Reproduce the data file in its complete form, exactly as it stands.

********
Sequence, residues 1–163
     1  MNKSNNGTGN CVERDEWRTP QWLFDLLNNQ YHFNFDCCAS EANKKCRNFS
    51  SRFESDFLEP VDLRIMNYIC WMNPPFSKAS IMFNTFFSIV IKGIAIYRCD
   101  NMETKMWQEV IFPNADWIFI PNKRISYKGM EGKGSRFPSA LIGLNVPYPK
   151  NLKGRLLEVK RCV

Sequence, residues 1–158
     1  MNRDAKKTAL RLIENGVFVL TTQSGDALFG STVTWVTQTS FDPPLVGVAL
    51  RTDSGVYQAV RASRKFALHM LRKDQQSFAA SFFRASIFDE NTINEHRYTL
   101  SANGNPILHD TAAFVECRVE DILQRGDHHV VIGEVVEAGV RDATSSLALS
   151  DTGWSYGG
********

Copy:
Sequence, residues 1–163
     1  MNKSNNGTGN CVERDEWRTP QWLFDLLNNQ YHFNFDCCAS EANKKCRNFS
    51  SRFESDFLEP VDLRIMNYIC WMNPPFSKAS IMFNTFFSIV IKGIAIYRCD
   101  NMETKMWQEV IFPNADWIFI PNKRISYKGM EGKGSRFPSA LIGLNVPYPK
   151  NLKGRLLEVK RCV

Sequence, residues 1–158
     1  MNRDAKKTAL RLIENGVFVL TTQSGDALFG STVTWVTQTS FDPPLVGVAL
    51  RTDSGVYQAV RASRKFALHM LRKDQQSFAA SFFRASIFDE NTINEHRYTL
   101  SANGNPILHD TAAFVECRVE DILQRGDHHV VIGEVVEAGV RDATSSLALS
   151  DTGWSYGG